Poll finds many women are working different shifts from spouses
WASHINGTON (AP) – Until recently, Bettie Ridgley and three women co-workers at Bethlehem Steel were feeling the strain of rotating hours so they devised a way to split up round-the-clock shifts so that each could have more time with loved ones.
A poll commissioned by the AFL-CIO finds nearly half of working women – 46 percent – work a different shift than their significant other, sometimes by choice. The labor federation released on Thursday the Jan. 6-11 telephone survey of 765 working women over age 18.
Ridgley, 52, a crane operator who has worked for Bethlehem outside Baltimore for nearly 25 years said families and friendships can be strained when work schedules impose separation.
”It caused relationships to suffer…. We’d become depressed, less motivated,” she said. Her own marriage failed, but she has grandchildren and her new schedule means she can help care for them more easily.
The poll is part of the AFL-CIO’s effort to keep tabs on the priorities of working Americans and mobilize them to vote in this fall’s elections.
The labor federation has endorsed Vice President Al Gore and is mounting a vigorous campaign on behalf of pro-labor congressional candidates, mostly Democrats. Gore is scheduled to address an AFL-CIO-organized gathering of female union members in Chicago this weekend.
The poll found that working women share some concerns men have raised in other surveys, including improved health care and retirement security.
But women also highly ranked better equal pay laws, improvements in child care and getting family and medical leave laws expanded to guarantee paid time off.
Karen Nussbaum, director of the AFL-CIO’s working women’s department, said those concerns seem to be ”directly related to the strains of balancing their work and family” that are evident in the reasons many women give for working different shifts from their spouses.
In households with children under age 18, women were even more likely to say their work hours differed from their spouses – 51 percent, compared with 41 percent of those who don’t have young children, the poll found.
”If you can’t afford child care, then you work a different schedule than your husband,” Nussbaum said.
Jennifer Dorsey, 31, an assistant produce manager at a Kroger supermarket in Cincinnati, is on maternity leave after giving birth to her first child. She used to work days and spend evenings with her husband, a carpenter whose outdoor jobs require daylight.
However, when she goes back to work, she said she plans to request some evening shifts, likely 4 p.m. to midnight.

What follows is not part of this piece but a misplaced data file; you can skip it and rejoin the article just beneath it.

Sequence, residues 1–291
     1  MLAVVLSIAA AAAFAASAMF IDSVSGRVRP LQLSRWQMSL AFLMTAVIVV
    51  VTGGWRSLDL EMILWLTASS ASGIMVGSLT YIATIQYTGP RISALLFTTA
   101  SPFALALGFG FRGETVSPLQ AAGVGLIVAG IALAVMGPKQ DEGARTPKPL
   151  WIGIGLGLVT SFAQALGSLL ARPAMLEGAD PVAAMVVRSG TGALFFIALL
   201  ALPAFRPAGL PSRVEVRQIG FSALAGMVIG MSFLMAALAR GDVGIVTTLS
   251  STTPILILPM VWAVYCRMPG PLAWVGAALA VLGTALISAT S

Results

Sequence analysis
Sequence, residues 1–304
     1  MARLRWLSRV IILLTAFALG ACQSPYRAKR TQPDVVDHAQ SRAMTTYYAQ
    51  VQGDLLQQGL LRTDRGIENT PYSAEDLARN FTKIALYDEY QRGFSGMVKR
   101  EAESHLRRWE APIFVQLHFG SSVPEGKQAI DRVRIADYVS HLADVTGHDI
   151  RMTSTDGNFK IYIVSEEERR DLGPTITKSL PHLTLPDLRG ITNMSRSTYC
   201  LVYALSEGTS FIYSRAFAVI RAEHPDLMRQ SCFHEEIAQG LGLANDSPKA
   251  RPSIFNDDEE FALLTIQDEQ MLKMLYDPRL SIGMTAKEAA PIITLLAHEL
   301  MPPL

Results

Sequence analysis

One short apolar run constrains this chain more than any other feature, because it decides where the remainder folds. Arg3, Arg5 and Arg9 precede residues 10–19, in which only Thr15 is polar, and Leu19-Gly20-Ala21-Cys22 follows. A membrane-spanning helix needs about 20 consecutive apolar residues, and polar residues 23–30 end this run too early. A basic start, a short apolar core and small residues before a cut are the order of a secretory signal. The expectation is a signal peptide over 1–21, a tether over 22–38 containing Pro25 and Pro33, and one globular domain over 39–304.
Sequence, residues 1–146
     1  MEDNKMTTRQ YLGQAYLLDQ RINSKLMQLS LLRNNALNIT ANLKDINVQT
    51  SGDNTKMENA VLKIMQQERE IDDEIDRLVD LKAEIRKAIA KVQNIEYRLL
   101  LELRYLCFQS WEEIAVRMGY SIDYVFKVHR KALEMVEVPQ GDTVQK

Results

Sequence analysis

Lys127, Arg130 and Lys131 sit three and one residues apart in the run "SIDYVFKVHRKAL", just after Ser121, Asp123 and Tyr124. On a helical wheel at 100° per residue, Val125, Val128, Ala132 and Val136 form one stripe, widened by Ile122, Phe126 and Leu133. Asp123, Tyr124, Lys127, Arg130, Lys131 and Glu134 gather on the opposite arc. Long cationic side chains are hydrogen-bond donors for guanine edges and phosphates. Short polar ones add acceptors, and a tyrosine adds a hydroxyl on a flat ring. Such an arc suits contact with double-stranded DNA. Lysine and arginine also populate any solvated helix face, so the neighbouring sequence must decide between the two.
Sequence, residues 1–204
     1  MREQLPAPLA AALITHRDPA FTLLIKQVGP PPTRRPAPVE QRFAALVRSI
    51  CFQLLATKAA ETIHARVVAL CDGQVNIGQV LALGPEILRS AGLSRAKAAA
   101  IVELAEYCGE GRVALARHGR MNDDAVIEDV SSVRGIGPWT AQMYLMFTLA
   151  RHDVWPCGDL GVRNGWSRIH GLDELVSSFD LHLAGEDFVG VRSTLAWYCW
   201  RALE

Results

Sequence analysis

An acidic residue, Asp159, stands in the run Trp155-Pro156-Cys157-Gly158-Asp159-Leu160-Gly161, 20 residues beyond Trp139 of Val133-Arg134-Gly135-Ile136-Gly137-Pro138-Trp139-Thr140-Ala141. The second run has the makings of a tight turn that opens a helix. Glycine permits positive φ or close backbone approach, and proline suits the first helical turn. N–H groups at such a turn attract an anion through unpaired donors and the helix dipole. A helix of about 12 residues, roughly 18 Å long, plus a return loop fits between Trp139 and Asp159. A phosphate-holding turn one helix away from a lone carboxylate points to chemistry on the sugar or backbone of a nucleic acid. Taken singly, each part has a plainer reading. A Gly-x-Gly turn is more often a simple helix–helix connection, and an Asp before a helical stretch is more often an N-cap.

”I think that a couple of days a week we’re going to have to play the … parents where one comes and one goes because day care is so expensive,” said Dorsey.
Some parents who can afford childcare choose to work different schedules anyway because they want their children to spend time with them, not day-care providers. Other women make the tradeoff to pursue an attractive career.
”I’m not the kind of person who can really sit still,” said Debora Sutor, 39, a Chicago-based flight attendant who sometimes goes several days without seeing her husband, a dayshift concrete company superintendent, and their two sons, aged 12 and 16.
Still other women have may no choice in the matter; 34 percent of those surveyed said they have no say in their working hours.
Chamber of Commerce spokesman Frank Coleman said the recent tight labor markets have prompted more employers to offer flexibility in schedules to keep workers happy.
”Business groups also have been strongly supporting legislation to provide more flexible working environments,” Coleman said. That includes comp-time and flextime proposals unions have opposed because of concerns for workers’ rights to overtime pay.
Few statistics are available comparing men’s and women’s work schedules.
The most recent Labor Department data, from 1997, showed 14 percent of American women and 19 percent of men working shifts other than the most common daytime, weekday hours. But it did not compare shifts of men and women living in the same household.
Although the AFL-CIO poll used a much smaller sample of the population than the Labor Department did, its findings suggest that evening and weekend shift work by women may be on the rise: 28 percent of women polled said they work shifts that include some weekend and evening hours.
The AFL-CIO survey was conducted by pollsters Lake Snell Perry and Associates Inc. and has a margin of error rate of plus or minus 3.5 percentage points.
On the Net: AFL-CIO working women’s department: http://www.aflcio.org/women/index.htm
Labor Department’s Bureau of Labor Statistics: http://www.bls.gov